Microsoft recently concluded their Beta program for its cloud-based gaming service, Project xCloud. Set to launch as part of Ultimate Game Pass tomorrow, September 15th on Android mobile phones and tablet devices. Project xCloud looks to be a great addition to the Xbox ecosystem. We recently spent time testing xCloud to answer the question we’ve all been wondering: is Project xCloud ready?
How It Works
xCloud will require you to have Ultimate Game Pass and is slated to launch with over 100 games on September 15th. All you will need to do is download the Game Pass app on your Android mobile device or tablet with Android version 6.0 and Bluetooth 4.0+, a 5GHz Wi-Fi or Mobile Data Connection of 10Mbps, a compatible controller wireless Bluetooth controller and you are clear for takeoff. There are a variety of ways to play your games on xCloud, but you may want to consider getting yourself one of xCloud’s upcoming gaming controllers such as the Razer Kishi, for that near-perfect experience. Although games such as Gears 5 and Hellblade: Senua’s Sacrifice will be playable with touch controls. We don’t recommend it.
What We Played
During our time with xCloud, we played quite a few different games. Games like Destiny 2, Halo 5: Guardians, and Hellblade Senua’s Sacrifice. Getting started was fast and easy and once connected via Bluetooth or USB-c the controllers were recognized immediately. During my time with xCloud I played with the Razer Kishi. The controller had a snug fit over my Samsung S20 Ultra. Once I updated the Kishi through the Razer Kishi App and launched xCloud, I immediately had control. Navigation was easy and similar to your Xbox LIVE dashboard. Once you’re ready to play simply pick your game and launch. The experience is very similar to playing on your Xbox One console. You can still message and access your friends list and invite them to play with you.
Now the concern that most have with cloud-based gaming is input lag and competitive gameplay. The input lag is very small but still present and this largely due to the fact that the game is being streamed to your device instead of being played directly off of the hardware. So if you’re looking at playing competitive games on xCloud I would advise you to take note of this disadvantage. But if you’re planning on doing some solo-gaming or some co-op gaming with friends then this is a game-changer.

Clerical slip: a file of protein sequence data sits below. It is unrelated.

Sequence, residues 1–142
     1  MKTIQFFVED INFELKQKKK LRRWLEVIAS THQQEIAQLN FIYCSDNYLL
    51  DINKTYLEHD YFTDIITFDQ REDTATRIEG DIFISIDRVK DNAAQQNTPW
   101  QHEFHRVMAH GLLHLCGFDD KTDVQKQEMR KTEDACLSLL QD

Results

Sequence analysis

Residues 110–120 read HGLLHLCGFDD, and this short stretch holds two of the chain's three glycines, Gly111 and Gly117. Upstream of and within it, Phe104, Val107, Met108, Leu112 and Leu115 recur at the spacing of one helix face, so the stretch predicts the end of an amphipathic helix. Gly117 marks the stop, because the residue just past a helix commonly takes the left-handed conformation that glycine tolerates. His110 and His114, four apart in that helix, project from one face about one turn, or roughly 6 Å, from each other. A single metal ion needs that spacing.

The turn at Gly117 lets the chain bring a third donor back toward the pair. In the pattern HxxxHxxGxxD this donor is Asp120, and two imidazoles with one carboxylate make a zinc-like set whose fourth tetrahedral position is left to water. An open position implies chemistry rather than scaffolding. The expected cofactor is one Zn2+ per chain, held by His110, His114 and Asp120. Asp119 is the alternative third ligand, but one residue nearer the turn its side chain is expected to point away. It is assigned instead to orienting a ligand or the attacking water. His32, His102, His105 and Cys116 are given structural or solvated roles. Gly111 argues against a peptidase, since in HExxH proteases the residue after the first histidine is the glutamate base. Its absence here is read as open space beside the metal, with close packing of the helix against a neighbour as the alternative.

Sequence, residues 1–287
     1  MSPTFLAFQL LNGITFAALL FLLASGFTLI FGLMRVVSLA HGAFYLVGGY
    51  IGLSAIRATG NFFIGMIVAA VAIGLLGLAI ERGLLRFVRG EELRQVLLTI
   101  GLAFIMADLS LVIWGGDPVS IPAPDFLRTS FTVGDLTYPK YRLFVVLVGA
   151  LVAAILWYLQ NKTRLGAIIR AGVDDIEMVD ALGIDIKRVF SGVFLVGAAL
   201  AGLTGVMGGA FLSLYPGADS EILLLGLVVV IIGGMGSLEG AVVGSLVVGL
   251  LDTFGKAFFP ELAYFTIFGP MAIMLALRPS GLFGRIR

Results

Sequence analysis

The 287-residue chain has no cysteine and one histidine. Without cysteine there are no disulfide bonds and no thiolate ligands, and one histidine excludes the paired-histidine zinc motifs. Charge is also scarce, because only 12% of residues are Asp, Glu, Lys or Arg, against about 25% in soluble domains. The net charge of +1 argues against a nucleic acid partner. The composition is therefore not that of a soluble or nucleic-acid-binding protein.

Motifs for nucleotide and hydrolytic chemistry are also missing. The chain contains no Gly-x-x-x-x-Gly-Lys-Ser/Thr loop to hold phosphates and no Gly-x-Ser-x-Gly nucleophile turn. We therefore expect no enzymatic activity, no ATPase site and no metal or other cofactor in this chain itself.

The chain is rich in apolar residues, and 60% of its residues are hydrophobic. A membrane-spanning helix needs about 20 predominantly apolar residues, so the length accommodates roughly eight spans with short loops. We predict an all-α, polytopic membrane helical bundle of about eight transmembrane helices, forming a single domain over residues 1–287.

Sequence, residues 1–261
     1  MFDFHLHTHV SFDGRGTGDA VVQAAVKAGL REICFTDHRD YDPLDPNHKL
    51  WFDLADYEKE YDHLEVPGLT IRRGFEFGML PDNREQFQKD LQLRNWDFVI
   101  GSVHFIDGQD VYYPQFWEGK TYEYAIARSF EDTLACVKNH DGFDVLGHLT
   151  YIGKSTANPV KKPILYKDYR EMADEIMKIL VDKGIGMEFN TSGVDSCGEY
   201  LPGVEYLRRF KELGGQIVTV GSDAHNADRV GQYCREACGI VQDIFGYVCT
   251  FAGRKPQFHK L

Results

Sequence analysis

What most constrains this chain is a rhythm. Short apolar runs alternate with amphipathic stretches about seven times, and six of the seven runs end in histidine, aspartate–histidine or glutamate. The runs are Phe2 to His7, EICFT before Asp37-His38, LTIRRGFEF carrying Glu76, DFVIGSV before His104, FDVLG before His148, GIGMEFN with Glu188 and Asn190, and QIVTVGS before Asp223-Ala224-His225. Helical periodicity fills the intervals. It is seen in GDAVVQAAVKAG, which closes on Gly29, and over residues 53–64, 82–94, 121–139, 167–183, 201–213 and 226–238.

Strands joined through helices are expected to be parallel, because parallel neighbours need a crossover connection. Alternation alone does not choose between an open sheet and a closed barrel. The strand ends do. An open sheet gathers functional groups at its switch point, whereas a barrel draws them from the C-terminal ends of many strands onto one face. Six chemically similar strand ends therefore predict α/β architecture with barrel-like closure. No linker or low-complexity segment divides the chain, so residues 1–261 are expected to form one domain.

How It Compares
With services like Stadia and GeForce now jumping into the cloud gaming arena, Microsoft has a lot to compete against. What truly gives them an advantage is that you will be able to carry all of your cloud saves and data across your xCloud devices. This means that you can play a game at home on your Xbox One or the upcoming Series X and continue where you left off on your android device. Ultimate Game Pass is shaping up to be a fantastic deal. You get access to Xbox LIVE, a library of games that you can download and play on Xbox or via the Xbox App on PC which includes ALL upcoming 1st party Xbox Series X games, as well as the ability to play a large library of games via cloud gaming.
We’ll just have to wait and see how things shape up over the coming months as Microsoft is set to release the Xbox Series X. We hope to see Series X games available for cloud gaming and hope they add previous generation games from Xbox 360 and the original Xbox. Overall we’re pretty excited to how this develops and here’s hoping they allow cloud gaming on PC. So is Project xCloud ready? Although we expect it to be a fantastic addition to the Xbox ecosystem, we do feel that there are still some unanswered questions about its overall functionality. I guess we will just have to wait until its launch tomorrow and see.